Proper supply of S increases GSH synthesis in the establishment and reduces tiller mortality during the regrowth of Tanzania guinea grass used for Cd phytoextraction
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Cadmium has caused serious environmental problems due to its phytotoxicity, requiring solutions to reduce its concentration in the environment. Because S can alleviate the phytotoxicity caused by heavy metals, the evaluation of the effects of S supply is a promising approach to address this problem. The aim of this study was to determine the influence of S in reducing the phytotoxicity caused by Cd to Panicum maximum Jacq. cv. Tanzania (guinea grass) and to evaluate the potential of this grass for Cd phytoextraction.
Materials and methods
Tanzania guinea grass was cultivated in a nutrient solution to evaluate the combinations of five rates of S (0.1, 1.0, 1.9, 2.8, and 3.7 mmol L−1) and five rates of Cd (0.0, 0.5, 1.0, 1.5, and 2.0 mmol L−1), in a 52 fractional factorial design with six replications. Six plants were grown per pot in two growth periods to evaluate the effect of Cd on the establishment (51 days of age) and on the regrowth (18 days of growth) of the plants. During regrowth, Cd was not supplied in the nutrient solution. At the end of each growth period, growth parameters, concentrations of S and Cd, Cd transport factor, and concentrations of hydrogen peroxide (H2O2), malondialdehyde, reduced glutathione, and oxidized glutathione were evaluated.
Results and discussion
On the establishment of Tanzania guinea grass, application of Cd reduced mass production by 39 % due to the increases in the concentration of Cd (30 times compared with the treatment without Cd) and in lipid peroxidation (124 %). During regrowth, the residual effect of Cd resulted in a lower number of tillers (62 %) and leaves (89 %) caused by the increase in concentrations of Cd, H2O2 (49 %), and lipid peroxidation, which resulted in a 65 % lower dry mass production. The proper supply of S reduced concentration of Cd and tiller mortality rate due to the residual effect of Cd on the regrowth of the grass. Mass production by the roots was 43 % lower because of Cd, but the transport of Cd from roots to shoots increased. The increase in the concentration of glutathione (GSH) associated with a possible higher activity of antioxidant enzymes alleviated the phytotoxic effects of Cd on the guinea grass.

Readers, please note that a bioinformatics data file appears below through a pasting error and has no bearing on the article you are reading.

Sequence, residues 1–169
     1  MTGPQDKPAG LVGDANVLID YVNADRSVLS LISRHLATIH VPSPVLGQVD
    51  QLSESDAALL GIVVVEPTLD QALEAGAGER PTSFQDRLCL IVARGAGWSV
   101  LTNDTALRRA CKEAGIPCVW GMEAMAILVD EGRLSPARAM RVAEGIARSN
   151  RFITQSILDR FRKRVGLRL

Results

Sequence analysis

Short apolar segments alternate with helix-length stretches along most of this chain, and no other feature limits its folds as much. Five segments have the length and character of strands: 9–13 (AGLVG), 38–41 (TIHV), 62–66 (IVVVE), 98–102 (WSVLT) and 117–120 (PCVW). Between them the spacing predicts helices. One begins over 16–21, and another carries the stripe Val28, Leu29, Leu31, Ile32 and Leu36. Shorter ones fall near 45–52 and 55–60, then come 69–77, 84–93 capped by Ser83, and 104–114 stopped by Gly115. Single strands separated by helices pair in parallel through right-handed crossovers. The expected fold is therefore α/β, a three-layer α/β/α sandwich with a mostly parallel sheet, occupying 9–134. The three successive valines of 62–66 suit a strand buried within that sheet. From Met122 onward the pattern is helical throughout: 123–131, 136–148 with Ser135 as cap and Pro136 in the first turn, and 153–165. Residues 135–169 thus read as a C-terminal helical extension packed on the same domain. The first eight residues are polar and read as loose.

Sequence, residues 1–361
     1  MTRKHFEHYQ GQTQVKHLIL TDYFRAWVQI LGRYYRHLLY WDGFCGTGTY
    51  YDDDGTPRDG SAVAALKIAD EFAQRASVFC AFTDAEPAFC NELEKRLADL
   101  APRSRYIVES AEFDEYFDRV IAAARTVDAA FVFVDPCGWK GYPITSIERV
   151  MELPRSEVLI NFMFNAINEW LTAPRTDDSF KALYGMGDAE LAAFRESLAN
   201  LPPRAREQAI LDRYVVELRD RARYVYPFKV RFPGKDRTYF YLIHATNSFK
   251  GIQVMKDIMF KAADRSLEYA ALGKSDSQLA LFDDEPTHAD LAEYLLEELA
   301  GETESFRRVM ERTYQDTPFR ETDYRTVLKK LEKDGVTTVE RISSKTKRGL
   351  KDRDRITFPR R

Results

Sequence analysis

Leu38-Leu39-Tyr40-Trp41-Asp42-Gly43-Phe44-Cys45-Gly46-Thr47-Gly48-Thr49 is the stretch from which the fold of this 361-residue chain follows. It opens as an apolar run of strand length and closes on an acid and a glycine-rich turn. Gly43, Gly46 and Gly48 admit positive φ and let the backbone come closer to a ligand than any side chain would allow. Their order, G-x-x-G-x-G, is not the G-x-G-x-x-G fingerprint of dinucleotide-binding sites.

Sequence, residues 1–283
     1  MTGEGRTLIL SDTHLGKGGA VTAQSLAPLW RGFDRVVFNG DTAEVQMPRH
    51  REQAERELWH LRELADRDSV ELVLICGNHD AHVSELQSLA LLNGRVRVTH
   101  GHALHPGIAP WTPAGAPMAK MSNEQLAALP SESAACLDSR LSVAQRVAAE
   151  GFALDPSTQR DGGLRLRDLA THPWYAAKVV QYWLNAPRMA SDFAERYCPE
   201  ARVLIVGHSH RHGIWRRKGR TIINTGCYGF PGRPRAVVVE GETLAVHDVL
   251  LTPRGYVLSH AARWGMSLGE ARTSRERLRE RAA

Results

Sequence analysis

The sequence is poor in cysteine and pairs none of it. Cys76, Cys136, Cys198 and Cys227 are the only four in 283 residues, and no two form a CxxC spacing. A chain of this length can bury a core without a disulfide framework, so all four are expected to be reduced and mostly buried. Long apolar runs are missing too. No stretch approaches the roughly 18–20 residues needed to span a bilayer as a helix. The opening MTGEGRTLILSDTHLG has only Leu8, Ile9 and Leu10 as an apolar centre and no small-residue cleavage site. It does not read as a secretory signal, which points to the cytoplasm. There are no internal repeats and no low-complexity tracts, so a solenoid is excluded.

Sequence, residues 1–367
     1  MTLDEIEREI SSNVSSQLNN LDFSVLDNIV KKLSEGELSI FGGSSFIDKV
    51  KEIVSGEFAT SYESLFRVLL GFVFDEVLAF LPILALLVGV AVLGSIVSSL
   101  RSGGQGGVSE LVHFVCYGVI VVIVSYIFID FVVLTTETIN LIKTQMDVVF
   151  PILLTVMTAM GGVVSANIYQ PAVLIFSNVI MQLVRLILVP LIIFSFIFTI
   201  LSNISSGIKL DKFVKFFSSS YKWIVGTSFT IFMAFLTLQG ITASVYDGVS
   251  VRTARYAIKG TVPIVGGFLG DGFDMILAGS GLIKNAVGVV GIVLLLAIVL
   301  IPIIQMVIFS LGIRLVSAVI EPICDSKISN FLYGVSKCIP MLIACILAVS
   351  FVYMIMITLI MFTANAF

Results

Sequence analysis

The supply of S reduces the phytotoxicity caused by Cd to guinea grass, especially during the regrowth of the plant, when the concentration of Cd is higher because of the transport from roots to shoots. Tanzania guinea grass showed to be very promising for phytoextraction of Cd due to its high mass production, even when Cd was largely available in the nutrient solution.
KeywordsEnvironmental pollution Glutathione Heavy metals Pastures Tolerance mechanisms
The authors would like to thank the São Paulo Research Foundation (FAPESP) for the Master’s fellowship granted to the first author (#2012/12894-3) and for the financial aid (#2012/11859-0) provided for the development of the study, the Scientific and Technological Brazilian Council (CNPq #306403/2013-7), Dr. Roberta Corrêa Nogueirol for her collaboration in the development of the research project, and Dr. Lucélia Borgo for her assistance in the analyses involving the antioxidant system.
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